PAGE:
Inaugural CTE Summit Highlights the Importance of Career Education

Thursday February 1, 2024

Decorated in beautiful floral arrangements made by students enrolled in Independence High School’s Floral Design CTE Pathway, more than 200 educators gathered inside the Bakersfield Marriott today to attend the inaugural CTE Summit hosted by KCSOS’s College and Careers Program and Central Valley Mother Lode Regional Consortium. 

The conference, strategically planned for the first day of National CTE Month, united K-16 educators in an exchange of ideas, strategies, and success stories. The one-day summit focused on a variety of CTE topics including curriculum development, the key components of a CTE program, work-based learning, instructional strategies, best practices, assessment methods and more.

Independence High School’s Floral Design CTE Pathway made all of the flower arrangements for the event.

The summit kicked off with keynote speaker Rachael Mann, who explored the impact of artificial intelligence (AI) on career pathways, education, and work efficiencies. Then attendees were encouraged to attend various breakout sessions such as “Supporting Students in their CTE Journey,” “Leveraging Programs to Build Robust CTE and Early College Opportunities,” and “Apprenticeship: Building a Skilled Workforce through Work-Based Learning,” to name a few.

Keynote speaker, Rachael Mann, speaks about technology, AI, CTE, STEM, and careers.

According to Carrie Bloxom, KCSOS K-12 Pathway Specialist, the conference was a way to share resources and highlight the work CTE teachers do to advance career education.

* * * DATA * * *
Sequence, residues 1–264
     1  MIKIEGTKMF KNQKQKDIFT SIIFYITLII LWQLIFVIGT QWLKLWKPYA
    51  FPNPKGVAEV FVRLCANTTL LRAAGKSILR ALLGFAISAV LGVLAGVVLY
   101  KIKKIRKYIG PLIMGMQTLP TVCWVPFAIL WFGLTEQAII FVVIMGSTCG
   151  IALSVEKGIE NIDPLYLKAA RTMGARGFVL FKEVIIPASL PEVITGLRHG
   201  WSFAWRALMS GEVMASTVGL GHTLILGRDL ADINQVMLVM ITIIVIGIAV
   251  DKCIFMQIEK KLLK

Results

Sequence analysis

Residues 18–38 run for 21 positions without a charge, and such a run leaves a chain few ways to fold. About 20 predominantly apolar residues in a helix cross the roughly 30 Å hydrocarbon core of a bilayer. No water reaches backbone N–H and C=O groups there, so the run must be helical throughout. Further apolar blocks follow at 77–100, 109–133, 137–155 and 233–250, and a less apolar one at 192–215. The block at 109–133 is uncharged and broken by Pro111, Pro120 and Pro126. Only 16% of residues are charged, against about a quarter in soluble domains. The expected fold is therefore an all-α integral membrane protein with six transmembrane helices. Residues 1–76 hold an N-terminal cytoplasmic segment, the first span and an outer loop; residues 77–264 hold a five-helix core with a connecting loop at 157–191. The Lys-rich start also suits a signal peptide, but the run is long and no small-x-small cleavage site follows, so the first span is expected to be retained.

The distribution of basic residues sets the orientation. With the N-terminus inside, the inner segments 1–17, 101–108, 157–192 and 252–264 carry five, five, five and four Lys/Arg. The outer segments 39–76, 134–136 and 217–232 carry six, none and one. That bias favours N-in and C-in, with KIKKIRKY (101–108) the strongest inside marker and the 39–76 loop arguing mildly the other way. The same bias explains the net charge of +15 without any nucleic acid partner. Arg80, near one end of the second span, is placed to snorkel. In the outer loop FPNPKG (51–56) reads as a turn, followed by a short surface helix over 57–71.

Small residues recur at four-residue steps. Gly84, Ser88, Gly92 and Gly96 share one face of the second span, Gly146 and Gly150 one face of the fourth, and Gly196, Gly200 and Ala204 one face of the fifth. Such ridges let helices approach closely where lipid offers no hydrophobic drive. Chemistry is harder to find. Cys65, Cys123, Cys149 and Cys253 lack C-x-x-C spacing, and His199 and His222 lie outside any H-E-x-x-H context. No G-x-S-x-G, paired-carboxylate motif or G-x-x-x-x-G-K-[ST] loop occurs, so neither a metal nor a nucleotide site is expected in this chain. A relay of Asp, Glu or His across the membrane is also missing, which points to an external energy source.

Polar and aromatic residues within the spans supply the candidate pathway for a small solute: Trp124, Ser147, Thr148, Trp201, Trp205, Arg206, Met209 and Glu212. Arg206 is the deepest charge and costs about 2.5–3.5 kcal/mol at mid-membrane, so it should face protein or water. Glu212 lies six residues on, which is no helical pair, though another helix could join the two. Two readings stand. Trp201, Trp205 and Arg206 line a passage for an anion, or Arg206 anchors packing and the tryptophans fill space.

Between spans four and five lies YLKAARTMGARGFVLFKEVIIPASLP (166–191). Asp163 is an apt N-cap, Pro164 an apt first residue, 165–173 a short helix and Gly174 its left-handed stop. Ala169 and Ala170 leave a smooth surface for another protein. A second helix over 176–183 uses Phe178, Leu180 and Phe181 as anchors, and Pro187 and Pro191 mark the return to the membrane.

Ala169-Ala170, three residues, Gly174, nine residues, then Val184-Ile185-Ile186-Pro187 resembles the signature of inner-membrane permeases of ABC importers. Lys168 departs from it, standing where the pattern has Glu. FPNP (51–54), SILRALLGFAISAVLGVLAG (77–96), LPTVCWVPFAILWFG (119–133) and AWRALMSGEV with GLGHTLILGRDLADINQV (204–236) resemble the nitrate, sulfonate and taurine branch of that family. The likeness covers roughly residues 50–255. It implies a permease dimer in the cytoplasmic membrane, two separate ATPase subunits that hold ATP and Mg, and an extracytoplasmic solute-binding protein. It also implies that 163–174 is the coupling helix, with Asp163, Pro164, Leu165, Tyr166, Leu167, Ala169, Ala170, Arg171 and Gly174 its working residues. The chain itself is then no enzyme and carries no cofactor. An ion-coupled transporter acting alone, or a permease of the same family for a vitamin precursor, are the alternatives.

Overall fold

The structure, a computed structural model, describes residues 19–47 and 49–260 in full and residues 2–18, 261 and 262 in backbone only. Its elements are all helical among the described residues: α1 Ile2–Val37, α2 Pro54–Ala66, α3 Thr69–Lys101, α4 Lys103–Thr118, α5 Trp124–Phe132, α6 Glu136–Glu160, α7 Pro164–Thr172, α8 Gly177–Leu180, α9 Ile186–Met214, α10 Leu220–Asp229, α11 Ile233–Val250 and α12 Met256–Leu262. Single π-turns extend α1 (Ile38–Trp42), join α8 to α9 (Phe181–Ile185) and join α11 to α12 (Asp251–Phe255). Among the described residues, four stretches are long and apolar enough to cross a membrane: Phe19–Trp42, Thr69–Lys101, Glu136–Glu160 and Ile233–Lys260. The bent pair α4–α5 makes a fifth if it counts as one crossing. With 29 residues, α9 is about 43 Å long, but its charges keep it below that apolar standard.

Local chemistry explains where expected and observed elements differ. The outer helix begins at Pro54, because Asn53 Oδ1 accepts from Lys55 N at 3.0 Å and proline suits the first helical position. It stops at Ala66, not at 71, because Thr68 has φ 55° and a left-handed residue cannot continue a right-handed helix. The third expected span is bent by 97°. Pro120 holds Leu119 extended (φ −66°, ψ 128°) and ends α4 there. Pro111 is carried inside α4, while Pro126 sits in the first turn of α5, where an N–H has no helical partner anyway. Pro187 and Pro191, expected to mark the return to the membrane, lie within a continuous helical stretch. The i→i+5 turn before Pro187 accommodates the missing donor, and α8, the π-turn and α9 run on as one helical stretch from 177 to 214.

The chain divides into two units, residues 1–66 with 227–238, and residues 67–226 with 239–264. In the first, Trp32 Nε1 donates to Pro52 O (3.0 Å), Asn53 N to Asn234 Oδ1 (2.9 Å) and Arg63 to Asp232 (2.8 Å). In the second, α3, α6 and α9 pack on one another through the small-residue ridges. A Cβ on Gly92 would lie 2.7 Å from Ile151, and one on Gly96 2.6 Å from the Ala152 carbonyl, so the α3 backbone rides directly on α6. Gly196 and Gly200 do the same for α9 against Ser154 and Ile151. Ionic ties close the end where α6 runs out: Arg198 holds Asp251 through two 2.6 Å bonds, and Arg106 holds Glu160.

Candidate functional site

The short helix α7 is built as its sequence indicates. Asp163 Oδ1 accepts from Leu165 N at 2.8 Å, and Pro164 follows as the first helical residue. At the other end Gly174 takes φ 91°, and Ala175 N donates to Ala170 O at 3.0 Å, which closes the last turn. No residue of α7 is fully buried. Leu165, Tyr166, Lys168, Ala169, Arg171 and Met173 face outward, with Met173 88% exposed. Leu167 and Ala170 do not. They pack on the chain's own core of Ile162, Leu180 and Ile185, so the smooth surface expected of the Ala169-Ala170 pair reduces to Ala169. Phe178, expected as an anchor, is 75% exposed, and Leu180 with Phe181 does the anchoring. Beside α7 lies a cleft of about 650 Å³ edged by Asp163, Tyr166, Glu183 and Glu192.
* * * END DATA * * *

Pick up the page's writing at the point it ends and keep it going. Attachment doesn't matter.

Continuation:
“We never want CTE teachers to feel like they’re working on an island,” said Bloxom. “By providing this opportunity for educators to network and find ways to further develop their programs in ways that translate to future employment, we are setting everyone up for success.”

During the lunch hour, attendees were treated to a special student panel. Angelica Aldana, a former CTE Agriculture Pathway student, moderated a group discussion between four current CTE K-16 students in various pathways such as Vet Tech, Fire Technology, Digital Marketing and Media Design, and Industrial Automation.

One of the panelists, Abigail Vasquez, is a senior at Frontier High School who decided to enroll in Kern High School District’s ROC/CTEC Digital Marketing pathway. Utilizing the skills she’s learned in this pathway, Vasquez is excited to begin her college journey at Bakersfield College while also continuing her internship with North of the River Recreation and Park District.

Student panelists from left to right: Anthony Gonzalez, Bakersfield College; Ernesto Quintero, Bakersfield College; Moderator, Angelica Aldana; Abigail Vasquez, Frontier High School; Haylie Bloxom, Liberty High School.

“I decided on this pathway because it was the most broad and beneficial choice for me,” said Vasquez. “It’s taught me how to conduct myself professionally and get a better understanding of how the business world works. I take my career a lot more seriously because I know it’s real. It’s never been about ‘what I will do in my future career,’  but instead, ‘here’s the information, now you can go out there and do it.’”

KCSOS’s College and Careers Program and Central Mother Lode hope to continue hosting this conference to boost Kern County’s CTE opportunities further. 

For parents and students who want to get started on making a plan for their future, KCSOS’s College and Careers Program encourages people to visit the ihaveaplankern.org website, which features free resources that include student career surveys, tools to find what career pathways are offered at a student’s high school, and a growing library of videos that highlight these CTE offerings and are available 24/7 for parents, students, and counselors. 

By Jennifer Bryan

By Jennifer Bryan

Jennifer Bryan joined Kern County Superintendent of Schools in 2021 as a Communications Specialist. As a creative and motivated marketing communications specialist, she has a special knack for storytelling and content creation. Born and raised in Kern County, Jennifer has worked in major industries within the region such as agriculture and oil and gas before she made the transition to education.